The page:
Navigating the Cost of living crisis

Businesses are facing a really uncertain time with a combination of high interest rates, inflation, the energy crisis, Brexit, currency values, supply chain and recession.  In addition to this, it has never been harder to find employees, and we are all wondering what the new world looks like after the pandemic lockdowns.

As the UK now enters recession, all of the problems I mentioned above appear to have come at once rather than spread out over a reasonable timeline so businesses can plan and deal with each in turn.  However, that is not to say there is nothing to do.  Each aspect of the crisis needs to be focused on, and there are a number of different ways a business can do that.

‘Cash is King’ in a cost of living crisis

Everyone has heard that ‘cash is king’ – yes, we have heard it all before, but having cash available to you and your business makes a difference.  Looking at the credit control process and making sure that they are fit for purpose should be a straightforward first step.  Taking on new customers is a time for celebration, but it is also a time for caution and, before any significant credit is provided, reasonable checks should be carried out to make sure that the business being supplied is able to pay.

Have a flexible business plan

Having a business plan that you can pick up, review, alter, change, and discuss with others is so useful.  A business plan is a bit like satellite navigation.  You input your destination and, unless you are the navigation system that is in my car, it should take you where you want to go with the easiest route.  However, if you find yourself making a wrong turn for whatever reason, a business should consider whether it tries to head back to the original route or plan a new journey.  A satellite navigation system has no hesitation in rerouting a car on its journey.  It is always worth considering whether well-made plans need changing.

Communicate with others

When choppy waters are ahead, one of the best things a business can do is communicate with others. Those ‘others’ can be competitors who are facing the same choppy waters or customers or suppliers.  Suppliers can be key to the success of any business and if a problem in paying the suppliers on time is looming on the horizon, communicating that problem, and agreeing a mutually acceptable solution with suppliers can often strengthen a relationship.  If the struggling business keeps to its promises, the supplier will always listen with trust.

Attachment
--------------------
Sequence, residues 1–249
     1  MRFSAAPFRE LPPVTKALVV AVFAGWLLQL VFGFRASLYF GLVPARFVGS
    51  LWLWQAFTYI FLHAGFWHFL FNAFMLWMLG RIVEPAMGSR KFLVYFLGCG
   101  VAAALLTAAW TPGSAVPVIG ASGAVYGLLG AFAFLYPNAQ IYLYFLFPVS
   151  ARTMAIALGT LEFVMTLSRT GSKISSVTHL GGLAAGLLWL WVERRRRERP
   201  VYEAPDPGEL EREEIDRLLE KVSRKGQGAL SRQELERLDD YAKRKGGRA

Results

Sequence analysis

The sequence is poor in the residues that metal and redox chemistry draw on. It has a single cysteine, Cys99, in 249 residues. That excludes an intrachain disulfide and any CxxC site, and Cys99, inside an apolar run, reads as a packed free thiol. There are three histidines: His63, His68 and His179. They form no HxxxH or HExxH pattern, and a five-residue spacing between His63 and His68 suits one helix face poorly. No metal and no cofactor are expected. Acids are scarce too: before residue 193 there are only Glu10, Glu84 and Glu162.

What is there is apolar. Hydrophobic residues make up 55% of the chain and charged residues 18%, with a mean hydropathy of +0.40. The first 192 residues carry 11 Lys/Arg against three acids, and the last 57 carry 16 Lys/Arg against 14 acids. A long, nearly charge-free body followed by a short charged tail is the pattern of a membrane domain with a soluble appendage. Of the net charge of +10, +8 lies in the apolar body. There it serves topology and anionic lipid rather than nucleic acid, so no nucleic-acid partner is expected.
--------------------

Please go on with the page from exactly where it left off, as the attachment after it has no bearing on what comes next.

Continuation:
Work on yourself

Of course, one of the big things that owner managers forget in times of crisis, is working on themselves. The stress of managing during a cost of living crisis, can be overwhelming and it is too easy to work in the business, rather than on it.  There is never enough time to do all of the work that needs to be done in a crisis, so often it is all about prioritising.  It is important that the owner manager’s wellbeing is somewhere at the top of that list because if it is not, the business has yet another risk in front of it.

How do I prevent myself from feeling overwhelmed?

Finally, if all the challenges look overwhelming because there are so many, just work on one.  When you have done that, work on another and soon enough there will be a basket of solutions in front of you that will serve the business well.  Other difficult financial periods have been time limited so you can expect different crises in the future and more positive times to come.  When those positive times arise, it is worth remembering that good times need managing as well as bad times.  The desire to succeed when things are good can sometimes outweigh the business’ ability to maintain output.

Of course, a problem shared is a problem halved so, wherever possible, get your advisers onside and supporting you all the way.


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